Marble Arch is a 19th-century white marble-faced triumphal arch in London, United Kingdom. The structure was designed by John Nash in 1827 to be the state entrance to the cour d’honneur of Buckingham Palace. In 1851, on the initiative of architect and urban planner Decimus Burton, a one-time pupil of John Nash, it was relocated to its current site near Hyde Park.
Marble Arch Hill is a hollowed-out mountain based on a scaffolding structure.
It will redefine the connection between Oxford Street and Hyde Park while giving visitors rare views over the park and Marble Arch.
As Europe’s busiest shopping street, Oxford Street has been hit particularly hard by Covid-19 measures. Plans are underway to diversify the street’s spaces, but these changes will take a number of years.
In the short term, Westminster City Council sought to use a temporary installation to create renewed interest in the area as London could be emerging from the conditions imposed by the pandemic.
MVRDV’s proposal for this installation takes inspiration from the history of the site. Marble Arch once marked the corner of Hyde Park, but in the 1960s new roads were added that turned the arch into a traffic island, disconnected from the rest of the park.
Dutch architecture firm’s design introduces a park-like landscape of grass and trees, and ‘lifts’ this recreated corner of Hyde Park to create a spectacular 25-metre-tall viewpoint that gives visitors, via a single continuous route, an overview of Oxford Street and the park, and a new perspective on Marble Arch itself.
Visitors will climb to the viewpoint via a path that winds its way up the hill’s southern slope, after which they will descend into a great Hall in the heart of the hill, a hollowed-out space that will be used for events, exhibitions, and other happenings.
The exit from the Hall is located in a notch in the corner of the hill that ensures the temporary structure is offset from Marble Arch. In this way, visitors are confronted with multiple views on the arch, giving them a new perspective on an object they might otherwise take for granted.
“This project is a wonderful opportunity to give an impulse to a highly recognisable location in London”, says MVRDV founding partner Winy Maas. “It’s a location full of contradictions, and our design highlights that. By adding this landscape element, we make a comment on the urban layout of the Marble Arch, and by looking to the site’s history, we make a comment on the area’s future. We enlarge the park and lift it at the corner. Marble Arch Hill strengthens the connection between Oxford Street and the park via the Marble Arch. Can this temporary addition help inspire the city to undo the mistakes of the 1960s, and repair that connection?”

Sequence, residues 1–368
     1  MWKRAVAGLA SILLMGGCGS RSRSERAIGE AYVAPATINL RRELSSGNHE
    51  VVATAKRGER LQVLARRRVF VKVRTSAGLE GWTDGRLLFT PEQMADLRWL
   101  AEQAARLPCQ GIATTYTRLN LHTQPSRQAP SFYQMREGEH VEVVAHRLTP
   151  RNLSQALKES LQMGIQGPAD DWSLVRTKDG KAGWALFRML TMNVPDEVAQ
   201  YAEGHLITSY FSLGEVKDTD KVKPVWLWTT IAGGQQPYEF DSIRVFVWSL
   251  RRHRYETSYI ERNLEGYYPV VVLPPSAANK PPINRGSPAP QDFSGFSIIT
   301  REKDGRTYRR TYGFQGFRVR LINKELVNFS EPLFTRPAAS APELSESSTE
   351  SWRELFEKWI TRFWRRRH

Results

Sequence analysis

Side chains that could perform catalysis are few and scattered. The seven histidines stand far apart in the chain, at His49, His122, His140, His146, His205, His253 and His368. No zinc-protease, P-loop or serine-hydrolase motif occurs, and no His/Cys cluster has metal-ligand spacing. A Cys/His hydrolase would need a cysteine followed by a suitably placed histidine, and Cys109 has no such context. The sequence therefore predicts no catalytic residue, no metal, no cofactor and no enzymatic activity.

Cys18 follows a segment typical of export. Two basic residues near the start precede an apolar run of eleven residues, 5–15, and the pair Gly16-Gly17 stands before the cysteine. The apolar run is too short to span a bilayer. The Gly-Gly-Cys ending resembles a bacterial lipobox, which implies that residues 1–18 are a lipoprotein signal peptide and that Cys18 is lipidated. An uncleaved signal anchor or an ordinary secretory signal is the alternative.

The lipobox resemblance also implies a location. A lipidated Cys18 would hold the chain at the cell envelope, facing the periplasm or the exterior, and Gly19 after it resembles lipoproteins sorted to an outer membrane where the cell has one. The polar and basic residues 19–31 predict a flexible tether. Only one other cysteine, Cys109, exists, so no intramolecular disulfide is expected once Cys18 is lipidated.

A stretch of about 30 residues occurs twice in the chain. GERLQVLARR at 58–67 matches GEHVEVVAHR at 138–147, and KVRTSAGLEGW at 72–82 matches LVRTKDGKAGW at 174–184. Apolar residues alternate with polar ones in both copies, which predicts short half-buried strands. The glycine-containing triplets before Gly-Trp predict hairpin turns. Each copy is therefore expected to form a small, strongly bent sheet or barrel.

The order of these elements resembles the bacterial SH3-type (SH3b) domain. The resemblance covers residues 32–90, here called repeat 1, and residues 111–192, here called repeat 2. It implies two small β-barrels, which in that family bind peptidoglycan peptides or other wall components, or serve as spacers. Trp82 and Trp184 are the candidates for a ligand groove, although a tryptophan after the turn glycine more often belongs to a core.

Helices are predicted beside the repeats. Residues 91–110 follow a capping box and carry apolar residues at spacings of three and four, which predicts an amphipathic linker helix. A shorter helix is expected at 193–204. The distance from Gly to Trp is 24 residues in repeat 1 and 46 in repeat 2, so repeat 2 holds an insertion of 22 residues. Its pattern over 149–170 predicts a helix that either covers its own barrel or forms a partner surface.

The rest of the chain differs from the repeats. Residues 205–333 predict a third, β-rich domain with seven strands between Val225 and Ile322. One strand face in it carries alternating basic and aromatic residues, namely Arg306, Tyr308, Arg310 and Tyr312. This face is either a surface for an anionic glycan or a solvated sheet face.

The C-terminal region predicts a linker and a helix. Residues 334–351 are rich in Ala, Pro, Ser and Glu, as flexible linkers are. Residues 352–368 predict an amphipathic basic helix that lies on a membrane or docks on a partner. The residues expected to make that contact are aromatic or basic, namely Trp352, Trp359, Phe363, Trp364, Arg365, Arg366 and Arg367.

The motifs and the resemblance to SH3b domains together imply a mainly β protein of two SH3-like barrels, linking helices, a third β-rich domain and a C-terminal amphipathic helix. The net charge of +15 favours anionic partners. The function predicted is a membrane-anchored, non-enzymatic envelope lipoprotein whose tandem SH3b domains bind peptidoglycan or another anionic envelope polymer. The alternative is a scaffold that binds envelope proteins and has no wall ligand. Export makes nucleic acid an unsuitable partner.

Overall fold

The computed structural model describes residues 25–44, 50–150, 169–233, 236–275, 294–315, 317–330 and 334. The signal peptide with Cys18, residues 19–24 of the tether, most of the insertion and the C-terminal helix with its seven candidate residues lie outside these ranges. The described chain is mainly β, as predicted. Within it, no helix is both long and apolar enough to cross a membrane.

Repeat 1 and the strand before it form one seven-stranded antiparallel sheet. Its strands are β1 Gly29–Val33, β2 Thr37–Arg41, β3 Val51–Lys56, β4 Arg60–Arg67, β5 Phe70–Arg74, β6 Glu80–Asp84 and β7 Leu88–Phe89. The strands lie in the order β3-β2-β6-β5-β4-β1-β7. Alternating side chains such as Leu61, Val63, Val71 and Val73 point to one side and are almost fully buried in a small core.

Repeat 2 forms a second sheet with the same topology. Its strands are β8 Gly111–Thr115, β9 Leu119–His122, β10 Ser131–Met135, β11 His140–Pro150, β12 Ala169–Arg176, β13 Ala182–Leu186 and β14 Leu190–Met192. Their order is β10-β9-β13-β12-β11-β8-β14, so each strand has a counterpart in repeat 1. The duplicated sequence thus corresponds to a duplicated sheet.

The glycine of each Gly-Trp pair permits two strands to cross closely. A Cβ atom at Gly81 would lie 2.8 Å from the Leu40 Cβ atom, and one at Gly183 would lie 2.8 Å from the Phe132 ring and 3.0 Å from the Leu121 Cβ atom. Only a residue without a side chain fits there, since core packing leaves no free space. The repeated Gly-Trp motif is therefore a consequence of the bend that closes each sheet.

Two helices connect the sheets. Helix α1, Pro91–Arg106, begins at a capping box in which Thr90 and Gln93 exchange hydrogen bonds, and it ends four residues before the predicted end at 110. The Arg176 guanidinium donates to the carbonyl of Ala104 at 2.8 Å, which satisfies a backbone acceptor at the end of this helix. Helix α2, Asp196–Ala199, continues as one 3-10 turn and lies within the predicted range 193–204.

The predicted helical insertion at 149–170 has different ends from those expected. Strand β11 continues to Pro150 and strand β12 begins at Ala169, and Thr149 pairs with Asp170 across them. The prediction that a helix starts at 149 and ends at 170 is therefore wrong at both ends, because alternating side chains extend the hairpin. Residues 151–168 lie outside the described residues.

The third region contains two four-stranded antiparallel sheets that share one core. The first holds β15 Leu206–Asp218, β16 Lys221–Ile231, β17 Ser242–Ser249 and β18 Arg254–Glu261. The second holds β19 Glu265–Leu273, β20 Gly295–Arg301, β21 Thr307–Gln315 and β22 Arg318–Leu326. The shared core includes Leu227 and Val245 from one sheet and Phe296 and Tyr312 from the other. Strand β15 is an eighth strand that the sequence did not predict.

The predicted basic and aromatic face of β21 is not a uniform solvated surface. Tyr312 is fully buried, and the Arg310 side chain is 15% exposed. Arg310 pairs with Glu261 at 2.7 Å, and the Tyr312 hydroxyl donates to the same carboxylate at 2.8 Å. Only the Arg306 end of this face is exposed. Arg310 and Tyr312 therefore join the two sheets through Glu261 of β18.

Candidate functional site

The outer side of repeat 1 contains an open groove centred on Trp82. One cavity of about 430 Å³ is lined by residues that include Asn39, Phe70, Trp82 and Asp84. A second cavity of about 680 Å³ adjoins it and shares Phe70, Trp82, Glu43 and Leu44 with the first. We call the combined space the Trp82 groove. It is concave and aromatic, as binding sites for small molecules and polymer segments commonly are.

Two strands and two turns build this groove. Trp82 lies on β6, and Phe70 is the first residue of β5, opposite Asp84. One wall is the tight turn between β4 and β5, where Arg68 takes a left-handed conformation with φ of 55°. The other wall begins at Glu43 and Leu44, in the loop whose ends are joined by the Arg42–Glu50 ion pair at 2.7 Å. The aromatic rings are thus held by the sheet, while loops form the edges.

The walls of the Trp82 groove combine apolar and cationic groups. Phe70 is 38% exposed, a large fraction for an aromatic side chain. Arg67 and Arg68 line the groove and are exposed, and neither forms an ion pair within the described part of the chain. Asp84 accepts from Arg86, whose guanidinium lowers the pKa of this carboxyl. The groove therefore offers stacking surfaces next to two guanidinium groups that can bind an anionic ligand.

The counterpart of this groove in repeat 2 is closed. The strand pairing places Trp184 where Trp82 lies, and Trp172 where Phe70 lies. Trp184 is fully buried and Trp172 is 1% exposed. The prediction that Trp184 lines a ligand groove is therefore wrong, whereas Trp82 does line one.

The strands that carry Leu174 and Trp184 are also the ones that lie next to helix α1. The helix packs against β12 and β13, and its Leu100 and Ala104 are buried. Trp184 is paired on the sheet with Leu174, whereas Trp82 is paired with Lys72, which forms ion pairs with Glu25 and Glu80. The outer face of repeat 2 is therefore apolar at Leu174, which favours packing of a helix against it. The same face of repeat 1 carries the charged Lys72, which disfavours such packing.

Marble Arch Hill uses a scaffold structure on its base, which will support the plywood and soil layers needed for the grass upper layer to grow. At strategic points, the structure is adapted to hold large planters that will be home to trees.
The design draws from two separate lineages of MVRDV’s work: the office showed the transformative potential of temporary scaffold structures with its 2016 Stairs to Kriterion installation in Rotterdam; the mountain concept, meanwhile, recalls the 2004 proposal for the Serpentine Pavilion nearby in Hyde Park.
This design remains the only iteration of the Serpentine Pavilion that the museum was unable to realise; with the Marble Arch Hill, this ambitious idea will finally come to life.
Sustainability is an important consideration in the design of Marble Arch Hill.
As a temporary structure, it is critical to ensure that it produces as little waste as possible when it is removed. Therefore the design is created with the reuse of elements in mind.
The scaffolding structure can of course be disassembled and reused, while the elements that make up its top layer – wood, soil, grass, and trees – will all find new uses in nearby gardens and parks.